This is where many of us are caught up short.  We continue to believe that for our families, neighbors and friends to thrive, the empire must succeed. 

So I suggest a small step.  Let’s get in touch with the anger and restlessness of the US electorate.  Empathy for the people with those feelings can be a doorway to new relationships within our neighborhoods; those relationships can reveal new and hopeful possibilities. 

What better time to do this than an election year?

A related essay by the same author has been published by PeaceSigns and by The Mennonite.

Why Dad Voted Republican

by Berry Friesen (March 12, 2016)

“Fried rats, pickled cats, good enough for the Democrats!”

That school-yard taunt introduced me to the world of American politics.  It was 1956, I was in the third grade and unfamiliar names—Dwight Eisenhower and Adlai Stevenson— inexplicably entered our school-day conversations.

I was bewildered. “Who do we support for President?”  I asked my father.

“General Eisenhower,” he replied.

“Why?”

“Because the Democrats get us into wars.”

Through my school years and into college, I tested my father’s words.  Sure enough, Democrat Woodrow Wilson had been elected in 1916 on a promise to keep America out of the European war, only to betray that promise soon after winning the vote. Republican Herbert Hoover had ended the Marine occupation of Nicaragua and Haiti and turned away the requests of corporations that wanted him to send the Marines into Mexico, Cuba, Honduras, El Salvador, Panama and Peru. Republicans such as Robert A. Taft, Gerald Nye and Arthur Vandenberg had led the opposition to Democrat FDR’s long preparation for entry into World War 2.  Republican Dwight Eisenhower had ended the misguided and futile war in Korea that Democrat Harry Truman took our country into.

When at last I could vote for President, I adopted my father’s frame of reference and voted for a former bomber pilot named George McGovern.  He was the candidate most likely to end the war in Vietnam.

Yes, McGovern was a Democrat, the exception who proved the rule.  But in 1980, my father’s wisdom took me to John Anderson, a Republican whose biggest regret was his vote for the Gulf of Tonkin resolution.  And in 1996, it took me to Bob Dole, even though there appeared to be little difference between Dole and Bill Clinton in regard to their support for U.S. interventionism.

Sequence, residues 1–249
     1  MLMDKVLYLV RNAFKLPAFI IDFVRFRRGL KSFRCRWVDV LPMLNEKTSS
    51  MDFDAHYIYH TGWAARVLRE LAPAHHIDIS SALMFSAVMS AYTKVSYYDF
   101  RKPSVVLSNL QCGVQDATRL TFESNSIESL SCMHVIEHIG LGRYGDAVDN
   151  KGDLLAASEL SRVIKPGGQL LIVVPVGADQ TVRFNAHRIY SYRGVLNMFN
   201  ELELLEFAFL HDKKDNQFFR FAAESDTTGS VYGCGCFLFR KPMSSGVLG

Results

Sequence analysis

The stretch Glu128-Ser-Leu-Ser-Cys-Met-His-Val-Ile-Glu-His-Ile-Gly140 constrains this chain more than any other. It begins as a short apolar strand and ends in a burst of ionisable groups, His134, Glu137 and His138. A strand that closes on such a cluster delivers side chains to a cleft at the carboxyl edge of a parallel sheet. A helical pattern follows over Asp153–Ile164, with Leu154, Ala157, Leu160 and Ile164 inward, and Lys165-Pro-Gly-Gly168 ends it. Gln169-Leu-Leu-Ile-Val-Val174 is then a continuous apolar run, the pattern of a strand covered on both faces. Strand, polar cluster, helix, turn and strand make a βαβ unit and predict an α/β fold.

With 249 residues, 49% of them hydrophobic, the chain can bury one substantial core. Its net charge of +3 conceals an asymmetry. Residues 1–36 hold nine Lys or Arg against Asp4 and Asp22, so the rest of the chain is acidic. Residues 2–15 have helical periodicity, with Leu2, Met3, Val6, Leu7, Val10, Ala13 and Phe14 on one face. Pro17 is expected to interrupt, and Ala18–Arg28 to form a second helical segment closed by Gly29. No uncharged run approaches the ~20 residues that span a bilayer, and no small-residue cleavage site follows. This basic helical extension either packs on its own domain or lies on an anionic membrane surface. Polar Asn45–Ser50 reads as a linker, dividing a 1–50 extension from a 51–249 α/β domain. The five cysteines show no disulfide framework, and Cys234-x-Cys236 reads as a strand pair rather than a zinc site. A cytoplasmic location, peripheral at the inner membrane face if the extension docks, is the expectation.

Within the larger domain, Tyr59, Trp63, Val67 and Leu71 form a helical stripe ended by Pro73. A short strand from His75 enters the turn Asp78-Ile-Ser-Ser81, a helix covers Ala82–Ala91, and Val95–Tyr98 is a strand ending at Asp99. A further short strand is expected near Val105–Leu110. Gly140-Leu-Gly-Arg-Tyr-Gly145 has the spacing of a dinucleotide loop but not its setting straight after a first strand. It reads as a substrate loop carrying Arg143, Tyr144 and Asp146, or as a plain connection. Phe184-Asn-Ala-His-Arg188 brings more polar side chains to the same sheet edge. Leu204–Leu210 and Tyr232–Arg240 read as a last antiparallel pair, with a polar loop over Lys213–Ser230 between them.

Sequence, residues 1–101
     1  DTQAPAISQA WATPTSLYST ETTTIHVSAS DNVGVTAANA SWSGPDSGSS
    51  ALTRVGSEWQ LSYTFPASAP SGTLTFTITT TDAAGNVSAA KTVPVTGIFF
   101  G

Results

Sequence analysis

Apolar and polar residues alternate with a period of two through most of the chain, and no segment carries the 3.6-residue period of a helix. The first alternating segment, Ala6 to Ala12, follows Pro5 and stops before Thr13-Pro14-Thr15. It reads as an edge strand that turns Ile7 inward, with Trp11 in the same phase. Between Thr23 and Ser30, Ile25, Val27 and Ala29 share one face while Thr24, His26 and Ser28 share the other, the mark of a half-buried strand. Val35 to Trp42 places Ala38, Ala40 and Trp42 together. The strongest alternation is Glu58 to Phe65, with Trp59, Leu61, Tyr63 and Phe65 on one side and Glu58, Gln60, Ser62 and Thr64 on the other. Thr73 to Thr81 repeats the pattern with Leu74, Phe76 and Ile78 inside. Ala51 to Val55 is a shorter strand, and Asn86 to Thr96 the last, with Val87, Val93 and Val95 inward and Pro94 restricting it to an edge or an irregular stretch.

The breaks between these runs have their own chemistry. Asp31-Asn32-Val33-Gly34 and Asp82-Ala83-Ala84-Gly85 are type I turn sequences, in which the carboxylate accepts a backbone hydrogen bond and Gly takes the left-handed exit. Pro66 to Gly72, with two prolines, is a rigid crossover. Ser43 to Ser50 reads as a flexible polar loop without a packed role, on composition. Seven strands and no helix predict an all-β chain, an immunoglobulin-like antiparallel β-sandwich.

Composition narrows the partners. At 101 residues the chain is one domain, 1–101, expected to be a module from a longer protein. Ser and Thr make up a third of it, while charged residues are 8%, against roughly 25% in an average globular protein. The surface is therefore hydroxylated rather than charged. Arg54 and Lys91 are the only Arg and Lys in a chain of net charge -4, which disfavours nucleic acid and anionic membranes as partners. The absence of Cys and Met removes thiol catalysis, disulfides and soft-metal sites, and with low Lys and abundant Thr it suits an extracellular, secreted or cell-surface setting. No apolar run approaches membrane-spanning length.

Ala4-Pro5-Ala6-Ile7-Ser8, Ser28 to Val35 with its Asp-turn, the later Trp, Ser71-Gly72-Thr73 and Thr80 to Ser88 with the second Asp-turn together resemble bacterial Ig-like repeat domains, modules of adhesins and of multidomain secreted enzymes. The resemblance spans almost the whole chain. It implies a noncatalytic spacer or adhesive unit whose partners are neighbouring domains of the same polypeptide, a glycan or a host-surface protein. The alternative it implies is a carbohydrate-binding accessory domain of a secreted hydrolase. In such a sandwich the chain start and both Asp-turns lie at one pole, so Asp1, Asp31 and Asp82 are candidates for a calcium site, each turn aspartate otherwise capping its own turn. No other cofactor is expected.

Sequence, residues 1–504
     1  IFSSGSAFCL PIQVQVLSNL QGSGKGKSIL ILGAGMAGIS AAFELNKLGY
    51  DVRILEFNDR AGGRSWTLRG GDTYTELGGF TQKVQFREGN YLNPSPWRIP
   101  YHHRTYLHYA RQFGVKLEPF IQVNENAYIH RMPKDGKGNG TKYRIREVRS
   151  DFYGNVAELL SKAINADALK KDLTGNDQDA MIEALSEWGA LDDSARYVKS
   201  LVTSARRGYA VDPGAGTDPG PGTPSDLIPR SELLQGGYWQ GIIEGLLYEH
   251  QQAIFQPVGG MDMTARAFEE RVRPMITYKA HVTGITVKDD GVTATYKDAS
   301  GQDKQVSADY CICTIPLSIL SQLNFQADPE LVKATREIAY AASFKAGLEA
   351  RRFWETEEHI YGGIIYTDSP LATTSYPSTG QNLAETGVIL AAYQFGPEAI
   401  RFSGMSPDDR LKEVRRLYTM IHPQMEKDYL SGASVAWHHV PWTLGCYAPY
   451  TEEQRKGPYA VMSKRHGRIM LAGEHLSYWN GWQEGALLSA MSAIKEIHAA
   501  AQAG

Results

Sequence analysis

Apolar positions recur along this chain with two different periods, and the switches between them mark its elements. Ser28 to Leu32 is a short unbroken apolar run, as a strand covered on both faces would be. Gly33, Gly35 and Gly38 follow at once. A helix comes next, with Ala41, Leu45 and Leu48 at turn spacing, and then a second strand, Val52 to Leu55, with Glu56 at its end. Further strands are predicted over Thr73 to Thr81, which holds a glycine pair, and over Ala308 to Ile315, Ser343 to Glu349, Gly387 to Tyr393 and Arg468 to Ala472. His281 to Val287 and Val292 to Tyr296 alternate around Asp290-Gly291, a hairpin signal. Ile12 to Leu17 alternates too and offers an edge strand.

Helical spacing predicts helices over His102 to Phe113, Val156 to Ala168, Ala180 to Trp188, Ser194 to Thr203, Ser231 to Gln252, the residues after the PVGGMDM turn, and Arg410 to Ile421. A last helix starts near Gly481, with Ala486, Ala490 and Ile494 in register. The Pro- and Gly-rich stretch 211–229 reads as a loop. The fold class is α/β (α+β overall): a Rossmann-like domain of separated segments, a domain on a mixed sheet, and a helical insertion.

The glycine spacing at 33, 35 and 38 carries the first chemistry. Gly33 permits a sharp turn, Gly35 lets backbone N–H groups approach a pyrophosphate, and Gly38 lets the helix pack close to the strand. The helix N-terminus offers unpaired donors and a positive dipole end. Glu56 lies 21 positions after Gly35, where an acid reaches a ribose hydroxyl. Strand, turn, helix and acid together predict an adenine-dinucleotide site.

My father would have been shocked by the roster of Republican candidates for 2016. Rand Paul may have attracted his attention (as he did mine), but Paul’s credibility as a non-interventionist evaporated when he joined the Israel-first lobby’s call for continued hostility toward Iran.  The other Republican candidates show much enthusiasm for U.S. intervention in other countries’ affairs, the very trait my father scorned in the Democrats of his lifetime.

Today’s Democrats, meanwhile, are like the proverbial leopard that can’t change its spots. Bernie Sanders doesn’t trumpet his party’s warring tradition like Hillary Rodham Clinton does, but he doesn't criticize it either.  Neither Sanders nor Clinton will reverse the Bush-Obama trajectory of endless war.  So if Green Party candidate Jill Stein in on the ticket, I expect to vote for her, as I did in 2012.

I’m well aware most opinion leaders hold the view that a stance of non-interventionism is ignorant and uncomprehending of modern global realities.  That view was already strong in the 1950s; it came along with the U.S. ascension to imperial power at the end of World War 2.  Today, the necessity of an interventionist foreign policy is dogma: America has no choice but to intervene and "do something."

We see this sense of privilege routinely displayed by the columnists of the leading establishment newspapers. They write regretfully about the intractable ethnic and sectarian division of troubled societies, the corruption and cruelty of their leaders, the extremism of their disaffected, the irrationality of their violence.   As any dolt is supposed to understand, U.S. interventionism (i.e., endless war) is an inescapable responsibility, a moral duty, an honorable response to the tragedy of life.  The world is dreadfully difficult to manage, but for grown-ups, what other choice is there?

Thankfully, my father resisted this virus of imperial condescension. He knew the “necessity” of war is the desire for wealth and power.  He also knew war entails the breaking of all the rules, whether having to do with the Bible, the Constitution or simple human decency.